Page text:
China detains teen for going viral

china cell phone tracking

China recently tightened restrictions on people who use the Internet, and introduced penalties for bloggers whose dissident or illegal posts go viral. And already, one teenager is paying the price. Police in Zhangjiachuan County, Gansu province, detained a 16-year-old named Yang for “disrupting social order.”

According to the Beijing Times via Quartz, Yang wrote posts on Chinese social media giant Weibo about a death in the community that had gone under-reported. He believed the police investigation to be unjust and blogged about his issues with the way they handled the situation. The victim was found outside of a karaoke bar with head wounds and died before police arrived at the scene, and his death was reported as accidental. Family members suspected something was amiss, and the police said they were spreading false information about the circumstances of the death. 

The new Chinese law makes it illegal to post false information if it is harmful to others, and calls for the arrest of people who post false information that is re-tweeted 500 times or seen by more than 5,000 people. While the Beijing Times noted that it didn’t appear that Yang’s posts were re-blogged that many times, they did contain false information, since he identified the legal representative of the karaoke bar where the body was found as a court official, while that was not the case (it was the wife of a police officer).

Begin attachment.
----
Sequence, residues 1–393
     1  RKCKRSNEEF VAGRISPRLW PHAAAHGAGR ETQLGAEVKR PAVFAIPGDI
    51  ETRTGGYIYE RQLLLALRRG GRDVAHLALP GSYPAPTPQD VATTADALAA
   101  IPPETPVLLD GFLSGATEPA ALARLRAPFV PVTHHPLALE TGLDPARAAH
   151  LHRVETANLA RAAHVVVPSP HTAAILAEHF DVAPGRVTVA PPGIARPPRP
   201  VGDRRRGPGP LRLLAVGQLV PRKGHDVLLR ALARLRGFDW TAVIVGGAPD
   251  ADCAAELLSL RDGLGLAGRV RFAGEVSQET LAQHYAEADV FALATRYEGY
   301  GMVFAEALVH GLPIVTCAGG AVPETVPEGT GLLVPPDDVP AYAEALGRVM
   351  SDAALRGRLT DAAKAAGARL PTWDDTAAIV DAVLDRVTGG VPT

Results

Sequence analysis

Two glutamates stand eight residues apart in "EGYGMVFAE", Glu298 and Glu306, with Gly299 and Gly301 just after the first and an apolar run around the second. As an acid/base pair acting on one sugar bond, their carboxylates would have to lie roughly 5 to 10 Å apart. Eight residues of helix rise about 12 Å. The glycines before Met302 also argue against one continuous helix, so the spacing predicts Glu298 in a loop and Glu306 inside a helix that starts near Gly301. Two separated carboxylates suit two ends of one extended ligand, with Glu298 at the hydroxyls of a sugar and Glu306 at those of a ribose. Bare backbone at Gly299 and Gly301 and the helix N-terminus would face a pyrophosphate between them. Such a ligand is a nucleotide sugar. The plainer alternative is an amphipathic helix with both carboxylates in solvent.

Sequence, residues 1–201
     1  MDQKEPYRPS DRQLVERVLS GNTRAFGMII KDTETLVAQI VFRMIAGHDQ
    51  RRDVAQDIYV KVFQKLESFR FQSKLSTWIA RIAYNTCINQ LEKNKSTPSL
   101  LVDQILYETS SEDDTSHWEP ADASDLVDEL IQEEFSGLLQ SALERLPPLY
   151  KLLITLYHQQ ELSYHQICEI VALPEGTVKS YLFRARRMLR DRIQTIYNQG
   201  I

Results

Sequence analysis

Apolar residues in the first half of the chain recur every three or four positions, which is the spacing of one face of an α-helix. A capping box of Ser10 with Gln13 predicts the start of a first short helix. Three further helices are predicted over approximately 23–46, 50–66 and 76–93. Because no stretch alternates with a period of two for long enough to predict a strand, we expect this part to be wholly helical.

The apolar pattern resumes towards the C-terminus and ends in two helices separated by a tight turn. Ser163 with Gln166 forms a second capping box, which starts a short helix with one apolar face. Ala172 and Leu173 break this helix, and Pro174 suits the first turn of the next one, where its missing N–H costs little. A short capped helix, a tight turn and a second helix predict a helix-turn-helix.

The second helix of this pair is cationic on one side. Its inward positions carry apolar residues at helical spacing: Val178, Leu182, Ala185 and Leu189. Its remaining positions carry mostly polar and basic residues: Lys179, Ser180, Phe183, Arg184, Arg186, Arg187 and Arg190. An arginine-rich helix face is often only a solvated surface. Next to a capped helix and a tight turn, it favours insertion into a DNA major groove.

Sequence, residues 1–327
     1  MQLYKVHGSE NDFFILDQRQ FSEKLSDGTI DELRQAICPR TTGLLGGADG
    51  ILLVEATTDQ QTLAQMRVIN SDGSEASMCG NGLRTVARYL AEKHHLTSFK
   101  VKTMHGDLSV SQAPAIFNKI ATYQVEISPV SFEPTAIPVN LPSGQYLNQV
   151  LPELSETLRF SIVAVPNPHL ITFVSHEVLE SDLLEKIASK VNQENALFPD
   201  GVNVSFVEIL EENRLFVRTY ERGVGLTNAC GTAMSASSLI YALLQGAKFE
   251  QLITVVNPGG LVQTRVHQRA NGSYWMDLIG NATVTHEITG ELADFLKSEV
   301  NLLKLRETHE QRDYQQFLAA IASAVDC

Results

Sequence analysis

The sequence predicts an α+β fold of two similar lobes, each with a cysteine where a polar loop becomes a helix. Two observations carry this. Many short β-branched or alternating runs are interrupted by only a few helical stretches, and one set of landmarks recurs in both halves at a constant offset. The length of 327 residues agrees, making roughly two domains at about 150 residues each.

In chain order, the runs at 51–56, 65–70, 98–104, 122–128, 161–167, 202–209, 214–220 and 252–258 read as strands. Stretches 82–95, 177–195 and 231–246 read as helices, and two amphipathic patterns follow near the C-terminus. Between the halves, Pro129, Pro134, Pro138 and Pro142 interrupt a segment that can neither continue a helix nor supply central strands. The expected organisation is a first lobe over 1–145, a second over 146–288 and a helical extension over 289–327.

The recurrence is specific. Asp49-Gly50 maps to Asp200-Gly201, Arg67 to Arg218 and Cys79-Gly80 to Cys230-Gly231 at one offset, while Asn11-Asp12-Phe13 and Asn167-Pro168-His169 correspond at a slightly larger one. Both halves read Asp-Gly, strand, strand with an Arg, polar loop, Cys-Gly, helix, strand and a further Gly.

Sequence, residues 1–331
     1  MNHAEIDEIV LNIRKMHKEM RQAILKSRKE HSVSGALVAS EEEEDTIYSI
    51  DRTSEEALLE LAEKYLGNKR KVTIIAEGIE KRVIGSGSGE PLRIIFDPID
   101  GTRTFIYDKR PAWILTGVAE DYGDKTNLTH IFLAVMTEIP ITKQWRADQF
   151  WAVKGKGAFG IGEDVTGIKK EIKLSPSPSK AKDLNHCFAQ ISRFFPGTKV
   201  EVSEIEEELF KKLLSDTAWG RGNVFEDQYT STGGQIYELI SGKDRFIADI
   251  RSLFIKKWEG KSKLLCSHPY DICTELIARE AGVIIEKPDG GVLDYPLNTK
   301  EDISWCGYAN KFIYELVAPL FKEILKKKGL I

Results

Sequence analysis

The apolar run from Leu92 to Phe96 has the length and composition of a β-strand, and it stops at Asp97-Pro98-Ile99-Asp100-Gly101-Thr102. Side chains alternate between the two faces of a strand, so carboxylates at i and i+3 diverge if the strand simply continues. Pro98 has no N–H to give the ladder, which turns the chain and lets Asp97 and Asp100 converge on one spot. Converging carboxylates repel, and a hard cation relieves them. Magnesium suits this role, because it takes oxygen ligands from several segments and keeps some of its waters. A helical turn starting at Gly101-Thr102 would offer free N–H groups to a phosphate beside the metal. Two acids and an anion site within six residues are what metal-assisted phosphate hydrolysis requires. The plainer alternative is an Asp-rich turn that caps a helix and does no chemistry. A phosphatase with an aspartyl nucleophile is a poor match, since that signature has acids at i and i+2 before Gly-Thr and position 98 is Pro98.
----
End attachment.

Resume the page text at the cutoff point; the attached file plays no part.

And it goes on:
Yang isn’t the only person in trouble as a result of these new laws. Well known Chinese-American blogger Charles Xue was arrested for hiring a prostitute three weeks ago, but many suspect the real reason for his detainment is his liberal blog posts. And there’s a lot to be suspicious about; Chinese state television broadcast Xue’s so-called confession, in which he railed, in handcuffs, against the destructive forces… of micro-blogging. The out-of-character and likely coerced speech indicates Chinese officials mean to curb blogging critical of the party line through intimidation. 

Editors' Recommendations